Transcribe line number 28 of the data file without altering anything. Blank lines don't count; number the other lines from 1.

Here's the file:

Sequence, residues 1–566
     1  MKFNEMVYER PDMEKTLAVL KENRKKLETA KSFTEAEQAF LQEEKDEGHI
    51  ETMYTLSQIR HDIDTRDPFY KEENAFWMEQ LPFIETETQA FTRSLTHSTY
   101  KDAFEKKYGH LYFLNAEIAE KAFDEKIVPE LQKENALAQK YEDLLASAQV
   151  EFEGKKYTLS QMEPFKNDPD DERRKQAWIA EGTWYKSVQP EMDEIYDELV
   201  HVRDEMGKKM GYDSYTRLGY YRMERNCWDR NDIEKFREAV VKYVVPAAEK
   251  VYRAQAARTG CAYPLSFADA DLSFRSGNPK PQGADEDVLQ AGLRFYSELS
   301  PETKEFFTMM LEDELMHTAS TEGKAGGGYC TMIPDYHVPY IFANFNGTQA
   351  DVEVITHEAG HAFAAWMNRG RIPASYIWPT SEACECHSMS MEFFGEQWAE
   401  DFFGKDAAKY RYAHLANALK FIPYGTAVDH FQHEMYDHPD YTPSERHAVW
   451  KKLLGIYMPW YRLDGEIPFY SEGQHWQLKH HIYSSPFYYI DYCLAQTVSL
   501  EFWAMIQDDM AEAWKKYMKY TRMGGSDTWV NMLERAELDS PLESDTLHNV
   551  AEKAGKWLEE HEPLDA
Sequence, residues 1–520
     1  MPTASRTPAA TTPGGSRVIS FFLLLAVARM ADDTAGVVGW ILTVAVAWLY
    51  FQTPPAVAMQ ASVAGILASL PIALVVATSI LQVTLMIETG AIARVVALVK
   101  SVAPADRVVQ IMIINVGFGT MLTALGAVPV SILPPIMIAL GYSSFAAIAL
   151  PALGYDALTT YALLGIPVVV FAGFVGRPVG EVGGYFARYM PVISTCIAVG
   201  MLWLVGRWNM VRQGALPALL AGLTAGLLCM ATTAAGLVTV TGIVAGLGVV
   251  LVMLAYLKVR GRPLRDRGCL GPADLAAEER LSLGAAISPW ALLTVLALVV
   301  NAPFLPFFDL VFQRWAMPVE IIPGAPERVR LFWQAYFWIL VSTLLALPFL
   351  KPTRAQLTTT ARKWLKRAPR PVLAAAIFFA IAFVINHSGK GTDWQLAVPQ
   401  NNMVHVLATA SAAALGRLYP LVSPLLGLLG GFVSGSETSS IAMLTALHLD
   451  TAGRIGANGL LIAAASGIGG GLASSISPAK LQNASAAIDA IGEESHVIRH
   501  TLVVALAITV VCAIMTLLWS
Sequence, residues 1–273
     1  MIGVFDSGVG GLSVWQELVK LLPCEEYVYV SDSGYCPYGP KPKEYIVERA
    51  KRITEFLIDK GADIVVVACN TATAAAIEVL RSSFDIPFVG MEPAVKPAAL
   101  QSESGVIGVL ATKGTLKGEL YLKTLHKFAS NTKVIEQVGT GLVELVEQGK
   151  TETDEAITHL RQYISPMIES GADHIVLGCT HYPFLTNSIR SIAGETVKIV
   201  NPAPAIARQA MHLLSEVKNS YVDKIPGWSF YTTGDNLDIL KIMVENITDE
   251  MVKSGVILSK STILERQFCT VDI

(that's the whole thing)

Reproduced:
    51  KRITEFLIDK GADIVVVACN TATAAAIEVL RSSFDIPFVG MEPAVKPAAL